Saturday, January 30, 2021

ADF4351 Signal Generator

 Not much here, just a simple signal generator based on ADF4351 module from "fleebay". PS: there is an improvement over this code at this new post.

 I just needed to generate one single frequency that can go up or down in 100Khz steps via two push buttons. Added an optional LCD to display the main frequency and the third harmonic since I'm using it to verify some equipment on 10Ghz.

Test board:

On the frequency counter:

Schematic based on an Arduino Nano controler:

Spectrum output on lower frequencies (414Mhz) and output level at "0" (add 20db attenuation at the spectrum input):

and the third harmonic:

Power at "3" (second harmonic now visible)

 3rd harmonic as seen on a 10Ghz adapter for a 1.5Ghz spectrum analyzer:
(not calibrated):


 /// code start
   ADF4351 signal generator
   CT2GQV 2020

   Based on code from: ADF4351 example program

   VFO with 100Khz steps starting from a predifined frquency (UL frequencia) using 2 buttons for up and down.
   Display on 16x2 I2C LCD of the frequency set and the third harmonic value
   Also serial output of the main frequency set.

#include <Arduino.h>
#include "adf4351.h"
#include <LiquidCrystal_I2C.h>

#define SWVERSION "1.3"
#define PIN_SS 9  ///< SPI slave select pin, default value
ADF4351  vfo(PIN_SS, SPI_MODE0, 1000000UL , MSBFIRST) ;
unsigned long frequencia = 3333320000UL ; // 3.333.334 (10 Ghz n=3)
// unsigned long frequencia = 2000000000UL ; // 2.000.000 (10 Ghz n=5)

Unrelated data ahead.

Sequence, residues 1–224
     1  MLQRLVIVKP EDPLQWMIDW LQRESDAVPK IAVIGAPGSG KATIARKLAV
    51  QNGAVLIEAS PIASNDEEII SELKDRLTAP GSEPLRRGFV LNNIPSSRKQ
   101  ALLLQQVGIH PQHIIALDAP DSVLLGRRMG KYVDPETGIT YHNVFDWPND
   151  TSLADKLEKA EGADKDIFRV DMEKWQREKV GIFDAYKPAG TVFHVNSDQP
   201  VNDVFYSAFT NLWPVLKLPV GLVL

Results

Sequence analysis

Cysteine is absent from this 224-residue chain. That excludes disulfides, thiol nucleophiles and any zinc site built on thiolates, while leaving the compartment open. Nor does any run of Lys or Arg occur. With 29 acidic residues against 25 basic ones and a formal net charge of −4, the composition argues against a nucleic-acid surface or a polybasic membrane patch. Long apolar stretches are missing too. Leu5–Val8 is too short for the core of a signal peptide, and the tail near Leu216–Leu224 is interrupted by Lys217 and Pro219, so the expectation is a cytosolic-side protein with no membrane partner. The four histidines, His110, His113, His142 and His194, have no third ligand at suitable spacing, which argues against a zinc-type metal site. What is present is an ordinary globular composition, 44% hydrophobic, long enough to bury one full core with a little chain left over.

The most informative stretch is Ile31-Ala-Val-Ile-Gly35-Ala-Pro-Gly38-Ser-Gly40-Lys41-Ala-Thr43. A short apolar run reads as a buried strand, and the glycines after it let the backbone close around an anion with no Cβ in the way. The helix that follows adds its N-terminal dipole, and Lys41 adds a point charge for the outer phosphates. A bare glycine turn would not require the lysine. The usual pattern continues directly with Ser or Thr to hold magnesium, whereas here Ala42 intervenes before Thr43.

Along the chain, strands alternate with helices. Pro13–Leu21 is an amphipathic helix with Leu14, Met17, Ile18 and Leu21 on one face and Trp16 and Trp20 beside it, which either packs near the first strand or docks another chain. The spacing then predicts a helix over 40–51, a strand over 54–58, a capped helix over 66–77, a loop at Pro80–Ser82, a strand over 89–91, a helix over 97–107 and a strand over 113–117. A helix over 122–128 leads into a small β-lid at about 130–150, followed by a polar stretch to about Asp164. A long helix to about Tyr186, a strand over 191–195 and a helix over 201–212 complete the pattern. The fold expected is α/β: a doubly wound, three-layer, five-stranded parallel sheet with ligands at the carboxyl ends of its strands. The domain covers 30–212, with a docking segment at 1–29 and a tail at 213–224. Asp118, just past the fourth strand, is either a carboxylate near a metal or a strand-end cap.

// unsigned long frequencia =    414000000UL ; //    414.000 (10.368 Ghz n=25)
// for 442Mhz use the bellow and comment the above
//   unsigned long frequencia =  442000000UL ; // 442Mhz or 1.326 Ghz , tird harmonic

// I2C LCD virtual pinout
#define I2C_ADDR    0x27  // I2C Address for my LCD, found with I2C scanner
#define BACKLIGHT_PIN     3
#define En_pin  2
#define Rw_pin  1
#define Rs_pin  0
#define D4_pin  4
#define D5_pin  5
#define D6_pin  6
#define D7_pin  7
LiquidCrystal_I2C       lcd(I2C_ADDR, En_pin, Rw_pin, Rs_pin, D4_pin, D5_pin, D6_pin, D7_pin);

// buttons for up/down in frequency, puleed up from 5v with a 10K resistor, analog pin will be short to ground for button press
int button1 = 1;
int button2 = 2;

void setup()
  Serial.begin(9600) ;
  Serial.print("adf4351 VFO CT2GQV "); Serial.println(SWVERSION) ;

  pinMode(button1, INPUT);
  pinMode(button2, INPUT);

  lcd.begin (16, 2, LCD_5x8DOTS); lcd.setBacklightPin(BACKLIGHT_PIN, POSITIVE); lcd.setBacklight(HIGH); // 20x4 lines display LCD
  lcd.setCursor(0, 0);  lcd.print("Signal Generator  ");
  lcd.setCursor(0, 1);  lcd.print("Ver: "); lcd.print(SWVERSION);

  Wire.begin() ;
     setup the chip (for a 10 mhz ref freq)
     most of these are defaults
  vfo.pwrlevel = 3 ; // measured at 3.3Ghz after 1m cable >> "0" = -8 dBm / "1" =  -5.8dbm / "2" = -3.3dbm / "3" = -0.4dbm
  vfo.RD2refdouble = 0 ; ///< ref doubler off
  vfo.RD1Rdiv2 = 0 ;   ///< ref divider off
  vfo.ClkDiv = 150 ;
  vfo.BandSelClock = 80 ;
  vfo.RCounter = 1 ;  ///< R counter to 1 (no division)
  vfo.ChanStep = steps[2] ;  ///< set to 10 kHz steps

     sets the reference frequency to 10 Mhz
  if ( vfo.setrf(10000000UL) ==  0 )
    Serial.println("REF.SET: 10 Mhz") ;
    Serial.println("ERROR: reference freq set error") ;
     initialize the chip
  vfo.init() ;

     enable frequency output
  vfo.enable() ;


  if ( vfo.setf(frequencia) == 0 ) {
    Serial.print("VFO.SET:") ; Serial.println(vfo.cfreq) ;
    lcd.setCursor(0, 0);  lcd.print("F   :"); lcd.print(frequencia/1000);
    lcd.setCursor(0, 1);  lcd.print("F(3):"); lcd.print((frequencia/1000)*3);
  } else {
    Serial.println("ERROR: Set init Frequency") ;

vfo.ChanStep = steps[4] ; ///< change to 100 kHz

void loop()
  int buttonState1 = analogRead(button1);
  int buttonState2 = analogRead(button2);
  // serial debug for the button for +/- frequency
  // Serial.print("B1,B2:"); Serial.print(buttonState1); Serial.print(",");  Serial.println(buttonState2);

// up frequency